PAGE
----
In the following months, Mattheij built a proof-of-concept sorting system using, of course, LEGO. He broke the problem down into a series of sub-problems (including "feeding LEGO reliably from a hopper is surprisingly hard," one of those facts of nature that will stymie even the best system design). After tinkering with the prototype at length, he expanded the system to a surprisingly complex system of conveyer belts (powered by a home treadmill), various pieces of cabinetry, and "copious quantities of crazy glue."

Here's a video showing the current system running at low speed:

The key part of the system was running the bricks past a camera paired with a computer running a neural net-based image classifier. That allows the computer (when sufficiently trained on brick images) to recognize bricks and thus categorize them by color, shape, or other parameters. Remember that as bricks pass by, they can be in any orientation, can be dirty, can even be stuck to other pieces. So having a flexible software system is key to recognizing—in a fraction of a second—what a given brick is, in order to sort it out. When a match is found, a jet of compressed air pops the piece off the conveyer belt and into a waiting bin.

After much experimentation, Mattheij rewrote the software (several times in fact) to accomplish a variety of basic tasks. At its core, the system takes images from a webcam and feeds them to a neural network to do the classification. Of course, the neural net needs to be "trained" by showing it lots of images, and telling it what those images represent. Mattheij's breakthrough was allowing the machine to effectively train itself, with guidance: Running pieces through allows the system to take its own photos, make a guess, and build on that guess. As long as Mattheij corrects the incorrect guesses, he ends up with a decent (and self-reinforcing) corpus of training data. As the machine continues running, it can rack up more training, allowing it to recognize a broad variety of pieces on the fly.

Here's another video, focusing on how the pieces move on conveyer belts (running at slow speed so puny humans can follow). You can also see the air jets in action:

In an email interview, Mattheij told Mental Floss that the system currently sorts LEGO bricks into more than 50 categories. It can also be run in a color-sorting mode to bin the parts across 12 color groups. (Thus at present you'd likely do a two-pass sort on the bricks: once for shape, then a separate pass for color.) He continues to refine the system, with a focus on making its recognition abilities faster. At some point down the line, he plans to make the software portion open source. You're on your own as far as building conveyer belts, bins, and so forth.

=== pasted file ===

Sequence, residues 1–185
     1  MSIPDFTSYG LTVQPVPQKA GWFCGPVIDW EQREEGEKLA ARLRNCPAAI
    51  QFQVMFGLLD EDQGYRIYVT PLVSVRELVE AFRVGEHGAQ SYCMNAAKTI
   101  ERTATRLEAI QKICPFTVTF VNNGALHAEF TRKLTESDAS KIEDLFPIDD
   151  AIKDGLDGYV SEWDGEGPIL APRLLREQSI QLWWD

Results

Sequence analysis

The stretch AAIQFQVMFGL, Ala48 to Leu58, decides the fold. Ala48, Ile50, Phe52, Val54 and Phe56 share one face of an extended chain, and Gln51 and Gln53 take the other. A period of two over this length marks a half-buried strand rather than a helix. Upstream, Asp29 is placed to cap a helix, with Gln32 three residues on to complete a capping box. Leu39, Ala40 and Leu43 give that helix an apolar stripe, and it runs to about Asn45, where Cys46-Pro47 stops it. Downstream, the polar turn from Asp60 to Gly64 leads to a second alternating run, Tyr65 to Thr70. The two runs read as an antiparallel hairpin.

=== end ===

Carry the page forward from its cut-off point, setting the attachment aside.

Check out Mattheij's writeup in two parts for more information. It starts with an overview of the story, followed up with a deep dive on the software. He's also tweeting about the project (among other things). And if you look around a bit, you'll find bulk LEGO brick auctions online—it's definitely a thing!

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Nick Briggs/Comic Relief
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What Happened to Jamie and Aurelia From Love Actually?
May 26, 2017
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Nick Briggs/Comic Relief

Fans of the romantic-comedy Love Actually recently got a bonus reunion in the form of Red Nose Day Actually, a short charity special that gave audiences a peek at where their favorite characters ended up almost 15 years later.

One of the most improbable pairings from the original film was between Jamie (Colin Firth) and Aurelia (Lúcia Moniz), who fell in love despite almost no shared vocabulary. Jamie is English, and Aurelia is Portuguese, and they know just enough of each other’s native tongues for Jamie to propose and Aurelia to accept.

A decade and a half on, they have both improved their knowledge of each other’s languages—if not perfectly, in Jamie’s case. But apparently, their love is much stronger than his grasp on Portuguese grammar, because they’ve got three bilingual kids and another on the way. (And still enjoy having important romantic moments in the car.)

In 2015, Love Actually script editor Emma Freud revealed via Twitter what happened between Karen and Harry (Emma Thompson and Alan Rickman, who passed away last year). Most of the other couples get happy endings in the short—even if Hugh Grant's character hasn't gotten any better at dancing.

[h/t TV Guide]